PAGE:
When Gerald Short at Jazzman records suggested to Nat Birchall that a tribute to Yusef Lateef could work, it proved the old adage that it’s usually the simplest ideas that are the best. Recorded over two sessions almost a year apart, this is mostly a tribute to early Yusef, the Yusef of Eastern Sounds, Jazz Moods, The Cannonball Adderley Group, wood flutes and Impulse! This is Yusef from 57-65 creating and composing, experimenting and reimagining music from Istanbul and Delhi, Kyoto and Cairo and everywhere in-between.
The quartet give us interpretations of some classic tunes. A subtle reading of ‘Love Theme from Spartacus‘ stays true to Yusef’s original even down to the sublime soprano part. A bass-heavy version of ‘Ringo Oiwake’ is not quite as jazzy as Yusef’s version, but no worse for it with Birchall on reeds and John Ellis’ minimal piano staying true to the tune’s Japanese roots.
‘Morning’ is taken at a slightly faster tempo than the original with shakers, thumb piano and a super funky, heavy rhythm section, particularly Andy Hay’s drums giving it a really modern sound.
The introduction to ‘Ching Mau’ is given a Malian makeover; Nat’s bass clarinet catching us unaware as it merges with Michael Bardon’s bass and Ellis’ piano and suddenly lifts off into a very different space. To these ears, it’s ‘Brother John’, by another name, and although the band also give us a stunning version of one of Yusef’s most famous tunes, it’s near impossible for it to match the soaring heights of the live version with Mike Knock and Richard Williams.
Where this record really catches fire is on the original compositions, especially the stunning group effort ‘Mashanki’. It sounds like George Gruntz, Roland Kirk and Rufus Harley running riot in the souk with Adam Fairhall’s Harmonium solo and Hay’s off-kilter percussion building in intensity and moving the tune way over the border first to Egypt and then Arabia.
The rest of the album is giving over to Birchall originals. Album opener ‘Tales of Saba’ more than hints at what’s to come; wailing horns, bowed bass, and arrhythmic drums give way to a beautiful meandering, modal waltz. ‘Salaam Brother Yusef’ is a slow blues that doesn’t quite get going while ‘Not Yet Ornette’ is another side of Yusef, late-sixties, soul Jazz, Atlantic Yusef the perfect counterpoint to Brother from the Complete album.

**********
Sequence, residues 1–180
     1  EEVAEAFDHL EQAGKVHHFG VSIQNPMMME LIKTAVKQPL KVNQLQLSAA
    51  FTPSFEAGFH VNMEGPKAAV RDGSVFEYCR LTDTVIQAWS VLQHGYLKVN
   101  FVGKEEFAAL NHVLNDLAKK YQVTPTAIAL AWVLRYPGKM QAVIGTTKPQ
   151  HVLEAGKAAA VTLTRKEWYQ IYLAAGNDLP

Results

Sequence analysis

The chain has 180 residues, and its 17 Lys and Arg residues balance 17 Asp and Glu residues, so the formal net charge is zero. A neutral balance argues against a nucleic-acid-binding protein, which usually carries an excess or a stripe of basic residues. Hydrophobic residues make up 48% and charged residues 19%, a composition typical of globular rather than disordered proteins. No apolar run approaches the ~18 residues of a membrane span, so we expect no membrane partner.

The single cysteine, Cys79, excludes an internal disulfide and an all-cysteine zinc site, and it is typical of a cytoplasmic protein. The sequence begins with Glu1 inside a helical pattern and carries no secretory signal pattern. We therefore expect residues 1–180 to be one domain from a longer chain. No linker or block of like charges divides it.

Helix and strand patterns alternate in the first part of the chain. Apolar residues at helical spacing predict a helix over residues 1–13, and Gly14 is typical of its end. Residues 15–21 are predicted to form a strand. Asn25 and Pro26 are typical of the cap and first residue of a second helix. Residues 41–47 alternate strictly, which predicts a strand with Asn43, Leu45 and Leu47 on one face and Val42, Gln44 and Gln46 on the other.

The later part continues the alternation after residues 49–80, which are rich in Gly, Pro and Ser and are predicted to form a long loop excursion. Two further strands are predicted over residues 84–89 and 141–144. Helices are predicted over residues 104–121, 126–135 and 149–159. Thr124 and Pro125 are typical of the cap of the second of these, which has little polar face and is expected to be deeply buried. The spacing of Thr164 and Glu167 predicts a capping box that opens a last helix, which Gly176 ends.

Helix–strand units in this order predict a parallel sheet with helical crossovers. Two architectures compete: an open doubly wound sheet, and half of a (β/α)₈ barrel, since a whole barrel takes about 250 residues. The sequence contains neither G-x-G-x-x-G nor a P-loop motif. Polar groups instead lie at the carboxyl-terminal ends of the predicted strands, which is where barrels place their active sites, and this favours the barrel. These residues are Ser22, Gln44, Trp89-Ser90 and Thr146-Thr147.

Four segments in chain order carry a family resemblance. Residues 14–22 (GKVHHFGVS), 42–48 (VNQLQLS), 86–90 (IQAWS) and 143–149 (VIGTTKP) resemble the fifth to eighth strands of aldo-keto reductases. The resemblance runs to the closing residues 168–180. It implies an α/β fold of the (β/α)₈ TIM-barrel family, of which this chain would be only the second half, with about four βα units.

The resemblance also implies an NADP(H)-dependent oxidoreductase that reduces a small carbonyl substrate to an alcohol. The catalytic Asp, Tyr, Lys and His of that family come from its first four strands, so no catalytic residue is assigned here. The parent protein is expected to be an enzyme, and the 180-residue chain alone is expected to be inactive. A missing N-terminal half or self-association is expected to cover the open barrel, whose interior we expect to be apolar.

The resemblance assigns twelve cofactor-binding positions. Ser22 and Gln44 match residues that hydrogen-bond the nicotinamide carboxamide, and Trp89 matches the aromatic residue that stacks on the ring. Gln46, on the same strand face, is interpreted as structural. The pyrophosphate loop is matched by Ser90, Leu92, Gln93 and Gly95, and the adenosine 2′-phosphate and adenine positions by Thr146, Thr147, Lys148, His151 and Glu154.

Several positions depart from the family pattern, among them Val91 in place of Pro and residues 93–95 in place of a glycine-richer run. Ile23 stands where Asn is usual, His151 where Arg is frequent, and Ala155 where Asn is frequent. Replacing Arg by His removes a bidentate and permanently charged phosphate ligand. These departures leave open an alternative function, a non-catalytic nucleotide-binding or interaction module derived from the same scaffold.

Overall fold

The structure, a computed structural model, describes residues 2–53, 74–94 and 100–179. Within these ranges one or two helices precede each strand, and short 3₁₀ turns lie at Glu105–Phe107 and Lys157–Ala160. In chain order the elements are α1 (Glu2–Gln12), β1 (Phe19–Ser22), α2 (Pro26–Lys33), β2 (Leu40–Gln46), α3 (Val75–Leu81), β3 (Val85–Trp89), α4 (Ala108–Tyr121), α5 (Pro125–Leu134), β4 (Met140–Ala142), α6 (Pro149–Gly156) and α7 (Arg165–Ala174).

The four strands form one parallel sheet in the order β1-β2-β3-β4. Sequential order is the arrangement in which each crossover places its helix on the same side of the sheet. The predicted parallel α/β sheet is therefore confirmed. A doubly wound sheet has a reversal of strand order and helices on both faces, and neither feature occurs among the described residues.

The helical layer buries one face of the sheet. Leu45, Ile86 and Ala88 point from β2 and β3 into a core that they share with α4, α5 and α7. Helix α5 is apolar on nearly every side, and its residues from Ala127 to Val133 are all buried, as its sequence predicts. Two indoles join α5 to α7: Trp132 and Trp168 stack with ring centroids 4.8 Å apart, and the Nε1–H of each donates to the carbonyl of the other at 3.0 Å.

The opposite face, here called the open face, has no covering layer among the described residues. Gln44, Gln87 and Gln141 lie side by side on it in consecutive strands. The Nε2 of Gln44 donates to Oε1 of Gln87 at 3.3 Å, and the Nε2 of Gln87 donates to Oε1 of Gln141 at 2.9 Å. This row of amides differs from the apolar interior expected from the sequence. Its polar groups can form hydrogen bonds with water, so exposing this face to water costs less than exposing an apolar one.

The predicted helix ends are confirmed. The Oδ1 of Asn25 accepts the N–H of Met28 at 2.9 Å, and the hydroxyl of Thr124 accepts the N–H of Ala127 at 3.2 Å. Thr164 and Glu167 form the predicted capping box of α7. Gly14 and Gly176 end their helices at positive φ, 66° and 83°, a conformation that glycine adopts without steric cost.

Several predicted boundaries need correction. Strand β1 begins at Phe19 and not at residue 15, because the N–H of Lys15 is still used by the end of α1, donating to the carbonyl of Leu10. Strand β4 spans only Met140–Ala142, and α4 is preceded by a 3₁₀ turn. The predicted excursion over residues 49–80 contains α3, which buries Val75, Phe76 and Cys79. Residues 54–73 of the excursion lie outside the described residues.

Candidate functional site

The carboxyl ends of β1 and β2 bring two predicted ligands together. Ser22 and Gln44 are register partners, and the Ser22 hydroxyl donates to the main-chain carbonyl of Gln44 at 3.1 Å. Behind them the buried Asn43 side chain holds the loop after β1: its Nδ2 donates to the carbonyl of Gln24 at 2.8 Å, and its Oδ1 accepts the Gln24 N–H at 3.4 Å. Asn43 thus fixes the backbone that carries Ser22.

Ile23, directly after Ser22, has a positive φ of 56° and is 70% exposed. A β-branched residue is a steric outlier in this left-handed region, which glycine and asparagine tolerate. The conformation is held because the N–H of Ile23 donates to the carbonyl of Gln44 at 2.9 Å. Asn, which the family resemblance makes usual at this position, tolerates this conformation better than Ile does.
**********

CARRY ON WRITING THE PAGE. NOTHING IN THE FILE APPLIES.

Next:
‘Willow’s Walk’ could have been an outtake from Eastern Sounds. Bass and drums create a peaceful but brooding canvas for Birchall’s expansive solos. While ‘Inward Flight’ is joyful and uplifting, Fairhall’s piano soars and sings and Nat is magnificent, a Mancunian Pharoah Sanders; his warm rich tone perfectly expressing the obvious love he feels for the music.
For all the exoticism, experimentation and strange instrumentation, Yusef also had a great ear for a pretty and memorable tune and hearing his music in this context is a fabulous reminder of what a great composer and arranger he was. It also hints at some fantastic, exciting and originally new music still to come from Nat Birchall, an artist who has been around for a long time and finally getting the acknowledgement and respect that his music deserves.
For new listeners, ‘The Storyteller’ is a perfect introduction to the music of two incredible musicians. For the rest of us, it’s a simple idea, magnificently executed – I just wonder why nobody thought of it sooner?
Nat Birchall Quartet ‘Akhenaten’ CD (Sound Soul and Spirit) 5/5
Nat Birchall ‘Cosmic Language’ LP/CD (Jazzman) 5/5
Nat Birchall ‘Creation’ CD (Sound Soul And Spirit) 5/5
Nat Birchall ‘Invocations’ LP/CD (Jazzman) 5/5
Nat Birchall Quintet ‘Live in Larissa: Divine Harmony in Duende Jazz Bar’ 2LP (Sound Soul and Spirit) 4/5
Nat Birchall ‘World Without Form’ CD (Sound Soul and Spirit) 4/5